Bacterial strains and growth conditions.
strains XL10-Gold, BL21(DE3), TOP10Fι (both Invitrogen), and JM109 (Promega) and their derivatives containing plasmids were grown at 37°C in Luria-Bertani (LB) broth with agitation or on LB agar supplemented, when appropriate, with ampicillin (100 μg/ml), spectinomycin, and streptomycin (100 μg/ml each) or kanamycin (50 μg/ml). S. pneumoniae
serotype 4 strain TIGR4; the unencapsulated TIGR4 derivative T4R; 19 clinical isolates (collection of E.I. Tuomanen); and Staphylococcus aureus
NRS193 (provided by Jon McCullers, St. Jude Children’s Research Hospital) were grown on tryptic soy agar plates supplemented with 3% defibrinated sheep blood or in defined semisynthetic casein liquid medium supplemented with 0.5% yeast extract (35
). The ΔcbpA
derivatives of unencapsulated T4R and wild-type T4 were created as described previously (28
). N. meningitidis
strains MC58, Z4181 (C: P1.5,2-1: F5-4: ST-11 [cc11]), Z4682 (B: P1.7-1,1: F5-8: ST-12 [–]), their mutant derivatives, and 68 additional clinical isolates (collection of D.A.A. Ala’Aldeen) and H. influenzae
Rd and ATCC 10211, their derivatives, and 38 clinical isolates (collection of D.A.A. Ala’Aldeen) were cultured on chocolate agar at 37°C in 5% CO2
. For selection of mutants, meningococcal cells were cultured on Mueller-Hinton agar plates supplemented with Vitox (Oxoid) and, where appropriate, streptomycin and spectinomycin (each 100 μg/ml) or kanamycin (100 μg/ml). All mutants retained wild-type growth rates. Liquid cultures of N. meningitidis
were grown in Mueller-Hinton broth supplemented with Vitox at 37°C with agitation. The ΔompP2
mutant of H. influenzae
Rd was a gift from Joachim Reidl, Biozentrum der Universität Würzburg, Am Hubland, Germany (29
Chromosomal DNA was prepared by using a DNeasy tissue kit (QIAGEN) and the protocol for bacterial cells recommended by the manufacturer. Plasmid DNA was prepared by using a QIAprep Spin Kit (QIAGEN) according to the manufacturer’s recommendations. PCR reactions contained 100 ng of chromosomal DNA or 1 ng of plasmid DNA, each primer at 200 nM, 200 μM each of dNTP, Expand polymerase buffer (including MgCl2 to a final concentration of 1.5 mM), and 0.6 U of Expand polymerase in a total volume of 25 μl (Roche). After initial incubation at 95°C for 3 minutes, reactions comprised 30 cycles of incubation at 50–55°C for 1 minute, 65–68°C for 1–6 minutes, and 94°C for 1 minute, with final incubations at 50–55°C for 1 minute and 65–68°C for 10 minutes.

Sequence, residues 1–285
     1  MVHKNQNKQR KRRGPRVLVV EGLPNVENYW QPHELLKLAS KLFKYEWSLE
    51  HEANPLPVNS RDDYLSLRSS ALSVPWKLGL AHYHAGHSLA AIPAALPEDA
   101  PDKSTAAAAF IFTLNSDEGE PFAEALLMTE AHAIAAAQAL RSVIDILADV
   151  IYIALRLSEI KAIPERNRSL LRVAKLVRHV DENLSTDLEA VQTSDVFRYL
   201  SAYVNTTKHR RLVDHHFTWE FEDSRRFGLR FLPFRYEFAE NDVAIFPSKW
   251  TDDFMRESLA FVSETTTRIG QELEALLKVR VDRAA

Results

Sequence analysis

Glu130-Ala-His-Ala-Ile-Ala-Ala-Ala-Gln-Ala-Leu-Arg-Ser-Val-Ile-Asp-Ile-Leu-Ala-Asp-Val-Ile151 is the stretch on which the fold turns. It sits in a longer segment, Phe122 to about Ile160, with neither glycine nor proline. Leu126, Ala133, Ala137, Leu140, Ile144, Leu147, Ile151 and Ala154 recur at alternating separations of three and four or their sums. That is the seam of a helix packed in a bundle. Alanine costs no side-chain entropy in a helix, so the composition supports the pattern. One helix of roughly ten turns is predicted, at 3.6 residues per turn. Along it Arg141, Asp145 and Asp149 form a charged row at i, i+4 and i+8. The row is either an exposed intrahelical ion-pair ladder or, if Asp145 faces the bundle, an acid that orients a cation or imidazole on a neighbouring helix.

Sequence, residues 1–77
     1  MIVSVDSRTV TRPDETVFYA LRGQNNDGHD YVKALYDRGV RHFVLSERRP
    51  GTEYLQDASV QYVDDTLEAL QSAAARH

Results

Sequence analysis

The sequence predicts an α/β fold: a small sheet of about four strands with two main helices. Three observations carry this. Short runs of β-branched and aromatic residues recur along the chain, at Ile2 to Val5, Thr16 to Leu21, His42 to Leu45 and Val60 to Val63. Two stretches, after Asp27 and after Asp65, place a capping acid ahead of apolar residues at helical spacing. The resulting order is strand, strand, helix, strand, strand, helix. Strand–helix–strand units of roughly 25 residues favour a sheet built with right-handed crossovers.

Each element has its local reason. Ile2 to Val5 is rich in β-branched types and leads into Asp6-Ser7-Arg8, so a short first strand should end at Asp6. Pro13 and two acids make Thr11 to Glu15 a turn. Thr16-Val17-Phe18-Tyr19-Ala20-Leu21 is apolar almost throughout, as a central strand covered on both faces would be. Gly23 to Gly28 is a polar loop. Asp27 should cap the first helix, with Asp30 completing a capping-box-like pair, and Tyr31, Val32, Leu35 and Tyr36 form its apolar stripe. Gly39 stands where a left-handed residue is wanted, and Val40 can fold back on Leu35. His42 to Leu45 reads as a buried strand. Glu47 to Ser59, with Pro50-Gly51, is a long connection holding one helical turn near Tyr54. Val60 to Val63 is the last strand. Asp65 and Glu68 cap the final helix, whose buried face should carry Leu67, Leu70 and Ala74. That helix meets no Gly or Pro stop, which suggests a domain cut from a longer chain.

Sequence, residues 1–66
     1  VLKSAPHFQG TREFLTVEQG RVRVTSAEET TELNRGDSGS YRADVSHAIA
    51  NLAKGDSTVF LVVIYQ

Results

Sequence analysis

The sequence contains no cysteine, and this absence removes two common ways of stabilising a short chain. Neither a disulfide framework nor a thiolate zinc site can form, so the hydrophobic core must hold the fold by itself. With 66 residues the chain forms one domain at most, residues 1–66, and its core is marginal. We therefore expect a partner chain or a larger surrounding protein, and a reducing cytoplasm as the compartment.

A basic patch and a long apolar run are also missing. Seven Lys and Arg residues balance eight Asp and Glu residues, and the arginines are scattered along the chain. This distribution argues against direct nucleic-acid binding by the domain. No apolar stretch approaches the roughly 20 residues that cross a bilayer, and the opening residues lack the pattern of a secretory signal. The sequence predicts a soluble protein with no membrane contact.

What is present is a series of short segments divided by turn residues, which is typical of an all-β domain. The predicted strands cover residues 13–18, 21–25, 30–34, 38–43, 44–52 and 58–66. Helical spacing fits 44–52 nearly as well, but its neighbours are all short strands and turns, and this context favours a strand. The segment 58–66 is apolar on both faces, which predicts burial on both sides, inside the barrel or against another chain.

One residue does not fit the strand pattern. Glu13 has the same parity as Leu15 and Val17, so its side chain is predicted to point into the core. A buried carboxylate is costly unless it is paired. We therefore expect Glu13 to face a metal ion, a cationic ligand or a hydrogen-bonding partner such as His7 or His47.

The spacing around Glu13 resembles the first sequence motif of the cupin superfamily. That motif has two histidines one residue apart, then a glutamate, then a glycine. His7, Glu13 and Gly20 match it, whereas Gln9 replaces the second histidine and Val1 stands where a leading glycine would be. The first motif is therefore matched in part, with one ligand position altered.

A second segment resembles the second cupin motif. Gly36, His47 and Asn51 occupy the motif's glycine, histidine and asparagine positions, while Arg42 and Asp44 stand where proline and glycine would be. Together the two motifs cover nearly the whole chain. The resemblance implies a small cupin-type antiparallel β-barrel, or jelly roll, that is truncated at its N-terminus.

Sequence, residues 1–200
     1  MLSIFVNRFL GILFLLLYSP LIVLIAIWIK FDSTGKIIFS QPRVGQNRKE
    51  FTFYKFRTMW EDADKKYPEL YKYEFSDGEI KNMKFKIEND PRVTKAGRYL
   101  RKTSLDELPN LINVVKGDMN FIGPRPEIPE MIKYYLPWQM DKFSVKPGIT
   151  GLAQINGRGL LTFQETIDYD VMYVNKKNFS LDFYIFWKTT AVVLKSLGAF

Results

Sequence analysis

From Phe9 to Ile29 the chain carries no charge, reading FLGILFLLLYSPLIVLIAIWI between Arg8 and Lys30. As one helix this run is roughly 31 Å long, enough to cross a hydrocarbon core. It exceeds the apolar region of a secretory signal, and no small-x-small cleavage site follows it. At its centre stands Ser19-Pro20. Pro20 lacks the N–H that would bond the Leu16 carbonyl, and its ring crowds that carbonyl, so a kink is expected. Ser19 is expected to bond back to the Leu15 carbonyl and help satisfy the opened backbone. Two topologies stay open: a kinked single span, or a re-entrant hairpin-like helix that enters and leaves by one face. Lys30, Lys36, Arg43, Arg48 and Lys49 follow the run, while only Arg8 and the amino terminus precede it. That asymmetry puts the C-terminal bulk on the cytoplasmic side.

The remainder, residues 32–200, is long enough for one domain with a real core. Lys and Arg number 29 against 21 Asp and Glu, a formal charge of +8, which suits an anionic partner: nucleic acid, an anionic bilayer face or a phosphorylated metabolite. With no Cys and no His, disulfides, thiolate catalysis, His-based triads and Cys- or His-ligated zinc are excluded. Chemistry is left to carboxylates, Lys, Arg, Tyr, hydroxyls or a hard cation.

Mutagenesis of N. meningitidis.
gene (NMB1429) and flanking DNA was amplified from the chromosomal DNA of strain MC58 using primers PorA-M1 (5′-ATCAGAAACCTAAAATCCCGTCAT-3′) and PorA-M2 (5′-TCCTCTGTTTTGAAACCCTGAC-3′). The amplicon was cloned into pGEM-T Easy (Promega) to form plasmid pPorA-4d and subjected to inverse PCR mutagenesis with the primers PorA-M3 (5′-GCGGGATCCTCGGGCAAACACCCGATAC-3′) and PorA-M4 (5′-GCGGGATCCATCGGGGCGGTGAAGC-3′). This procedure resulted in removal of the porA
coding sequence and introduction of a unique Bam
HI site, which was used to introduce an Ω cassette (encoding resistance to spectinomycin and streptomycin) (37
). The resulting plasmid was used to mutate MC58 by natural transformation and allelic exchange as described previously (38
). The deletion in the resulting mutant (MC58porA
) was confirmed by PCR analysis. The pilQ
gene (NMB1218) and its flanking sequence were amplified using the primers PilQF1 (5′-GCCGTCTGAAACAGCTGCCGACAGATGC-3′) and PilQR1 (5′-AAACCAGTACGGCGTTGCCTCGC-3′). The amplicon was cloned into pGEM-T Easy and subjected to inverse PCR mutagenesis with the primers PilQF2 (5′-CGCGGATCCCTTTCACCGTAACCTCAATCGC-3′) and PilQR2 (5′-CGCGGATCCCTGTAATGTTTCCTGCCGATGC-3′). This procedure resulted in deletion of the ORF and introduction of a unique Bam
HI site that was used to introduce the kanamycin resistance cassette digested with Bam
HI from plasmid pJMK30 (39
). The resulting plasmid was used to mutate both the wild-type MC58 and the porA
mutant, yielding strains MC58pilQ
, respectively. Successful mutagenesis of the pilQ
gene in both mutants was confirmed by PCR and immunoblot analysis. The native porA
gene of strain Z4682 was replaced with the MC58 porA
gene. Using plasmid pPorA-4d as template, we amplified a 6.2-kDa fragment by PCR using the primers M-Kan-F (5′-AGATCTGCTTTGTTTTTGACGGCTCGC-3′) and M-Kan-R (5′-AGATCTATCCGCTTCACCGCCCCG-3′). The product was gel purified, digested with Bgl